The car’s layout allows excellent approach, breakover and departure angles, even in Land Rover terms, although there’s no suggestion that Dyson wants to build a farm vehicle. “It’s just that we can have these things for free,” he said.
This high-floor/low-roof layout is made possible because of the location of the car’s wide, long, thin underfloor battery, and the adoption of saloon-like seating positions for occupants, giving what Dyson described as a “command” driving position.
What's more, the compactness of the (probable) twin electric motors allows a cab-forward layout – assisted by the short nose and raked screen – which allows much of the car’s total length to be used for accommodation. The Dyson patents propose a potential seven-seater (with centre-row and rear-row passengers mounted higher than those in front for good visibility).
A saving of around 10cm on overall width is also possible, said Dyson, because of the lack of a bulky internal combustion engine plus the adoption of narrow-section tyres on big-diameter wheels that need smaller wheel envelopes let into the body. A particular Dyson preoccupation is keeping the new car’s frontal area to a minimum, a major contributor to aerodynamic efficiency.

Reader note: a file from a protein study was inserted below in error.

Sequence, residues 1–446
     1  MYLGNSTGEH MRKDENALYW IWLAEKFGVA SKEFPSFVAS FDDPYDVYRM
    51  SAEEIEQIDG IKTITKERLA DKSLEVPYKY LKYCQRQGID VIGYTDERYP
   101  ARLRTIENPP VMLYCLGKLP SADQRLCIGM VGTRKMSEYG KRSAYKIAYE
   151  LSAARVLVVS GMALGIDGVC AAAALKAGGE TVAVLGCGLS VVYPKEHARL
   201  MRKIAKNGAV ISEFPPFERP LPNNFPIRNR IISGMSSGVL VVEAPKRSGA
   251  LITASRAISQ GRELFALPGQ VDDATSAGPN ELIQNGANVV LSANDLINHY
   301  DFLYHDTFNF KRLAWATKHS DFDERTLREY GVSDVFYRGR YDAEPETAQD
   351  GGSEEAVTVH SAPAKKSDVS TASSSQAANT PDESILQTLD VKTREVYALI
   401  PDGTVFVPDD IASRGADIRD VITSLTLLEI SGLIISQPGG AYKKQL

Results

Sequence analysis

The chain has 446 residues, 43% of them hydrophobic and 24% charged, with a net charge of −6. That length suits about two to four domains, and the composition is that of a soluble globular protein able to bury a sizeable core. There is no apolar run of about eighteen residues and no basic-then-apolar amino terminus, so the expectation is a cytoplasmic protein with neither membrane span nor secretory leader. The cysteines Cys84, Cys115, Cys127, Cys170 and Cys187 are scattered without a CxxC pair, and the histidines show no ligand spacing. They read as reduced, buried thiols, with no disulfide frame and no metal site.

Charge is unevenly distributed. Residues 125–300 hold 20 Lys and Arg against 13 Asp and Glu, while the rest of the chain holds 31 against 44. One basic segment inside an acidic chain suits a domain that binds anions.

Body, suspension and wheels
Dyson confirmed that the car will have an aluminium body, mostly because he and his engineers feel carbonfibre structures haven’t reached the level of maturity they believe the electric project needs. Steel is deemed too heavy.
The patent diagrams suggest a platform-shaped battery mounted beneath the body. Such a battery would need to be encased in an extremely rigid, well-protected structure, which points to the use of a 'skateboard' platform chassis supporting suspension subframes front and rear. Height-adjustable and self-levelling suspension seems likely: Dyson himself pointed to the pitch-limiting advantages of the very long wheelbase.
The Dyson car is likely to have alloy wheels of a highly unusual 23-24in diameter, running thin tyres of around 45-55 profile. The company is understood already to have a tyre supplier. The inventor said experiments show these wheels have considerably lower rolling resistance than smaller, wider wheels and their greater inertia (often deemed a fault) will help with regenerative brakling.
This unusual wheel/tyre combination also creates less aerodynamic drag, allows relatively low tyre pressures to be used (for good ride comfort), resists aquaplaning on wet roads and requires a smaller wheel envelope, reducing intrusion into the cabin. The tyre can still have an acceptably large footprint because it’s longitudinal, not lateral.